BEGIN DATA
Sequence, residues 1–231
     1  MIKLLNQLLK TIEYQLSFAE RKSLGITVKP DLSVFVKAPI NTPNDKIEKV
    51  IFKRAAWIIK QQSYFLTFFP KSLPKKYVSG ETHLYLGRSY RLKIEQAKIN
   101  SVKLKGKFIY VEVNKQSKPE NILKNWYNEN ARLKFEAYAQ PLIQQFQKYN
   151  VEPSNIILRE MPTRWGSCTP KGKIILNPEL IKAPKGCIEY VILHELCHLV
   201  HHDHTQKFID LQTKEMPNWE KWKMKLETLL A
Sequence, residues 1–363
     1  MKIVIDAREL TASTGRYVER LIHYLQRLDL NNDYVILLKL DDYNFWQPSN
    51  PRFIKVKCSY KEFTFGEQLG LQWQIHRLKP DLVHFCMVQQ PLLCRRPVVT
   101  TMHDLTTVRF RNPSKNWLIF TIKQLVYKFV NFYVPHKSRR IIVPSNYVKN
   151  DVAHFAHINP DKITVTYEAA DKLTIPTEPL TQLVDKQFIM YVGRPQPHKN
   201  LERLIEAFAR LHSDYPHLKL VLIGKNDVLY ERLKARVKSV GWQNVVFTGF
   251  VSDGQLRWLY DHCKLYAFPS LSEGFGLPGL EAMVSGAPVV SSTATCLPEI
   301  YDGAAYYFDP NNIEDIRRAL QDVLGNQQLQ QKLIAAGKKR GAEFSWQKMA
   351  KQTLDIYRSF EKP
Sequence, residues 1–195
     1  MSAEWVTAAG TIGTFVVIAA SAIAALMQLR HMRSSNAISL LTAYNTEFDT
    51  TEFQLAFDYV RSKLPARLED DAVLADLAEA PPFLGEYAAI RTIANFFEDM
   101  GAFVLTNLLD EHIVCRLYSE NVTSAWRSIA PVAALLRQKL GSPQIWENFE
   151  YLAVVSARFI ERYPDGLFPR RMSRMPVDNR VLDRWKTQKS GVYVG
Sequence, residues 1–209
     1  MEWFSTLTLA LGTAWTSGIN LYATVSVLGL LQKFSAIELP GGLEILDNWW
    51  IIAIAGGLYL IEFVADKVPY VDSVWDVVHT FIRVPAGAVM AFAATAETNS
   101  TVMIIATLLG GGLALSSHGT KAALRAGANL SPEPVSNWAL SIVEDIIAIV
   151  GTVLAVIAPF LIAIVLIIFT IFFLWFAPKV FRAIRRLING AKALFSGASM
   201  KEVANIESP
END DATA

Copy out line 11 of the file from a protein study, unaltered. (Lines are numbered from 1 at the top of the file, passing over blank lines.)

   151  DVAHFAHINP DKITVTYEAA DKLTIPTEPL TQLVDKQFIM YVGRPQPHKN